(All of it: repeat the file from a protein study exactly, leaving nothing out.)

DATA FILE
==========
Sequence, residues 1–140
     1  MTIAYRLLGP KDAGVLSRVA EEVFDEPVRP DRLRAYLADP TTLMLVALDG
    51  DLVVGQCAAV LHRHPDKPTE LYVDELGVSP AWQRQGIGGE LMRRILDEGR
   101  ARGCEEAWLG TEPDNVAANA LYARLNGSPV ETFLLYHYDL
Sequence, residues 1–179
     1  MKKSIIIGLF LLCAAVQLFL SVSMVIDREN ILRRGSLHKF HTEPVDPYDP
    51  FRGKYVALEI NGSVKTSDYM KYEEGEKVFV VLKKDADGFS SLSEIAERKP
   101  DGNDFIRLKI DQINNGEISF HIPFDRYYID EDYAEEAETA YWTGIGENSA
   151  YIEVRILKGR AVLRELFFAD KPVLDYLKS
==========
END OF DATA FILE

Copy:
Sequence, residues 1–140
     1  MTIAYRLLGP KDAGVLSRVA EEVFDEPVRP DRLRAYLADP TTLMLVALDG
    51  DLVVGQCAAV LHRHPDKPTE LYVDELGVSP AWQRQGIGGE LMRRILDEGR
   101  ARGCEEAWLG TEPDNVAANA LYARLNGSPV ETFLLYHYDL
Sequence, residues 1–179
     1  MKKSIIIGLF LLCAAVQLFL SVSMVIDREN ILRRGSLHKF HTEPVDPYDP
    51  FRGKYVALEI NGSVKTSDYM KYEEGEKVFV VLKKDADGFS SLSEIAERKP
   101  DGNDFIRLKI DQINNGEISF HIPFDRYYID EDYAEEAETA YWTGIGENSA
   151  YIEVRILKGR AVLRELFFAD KPVLDYLKS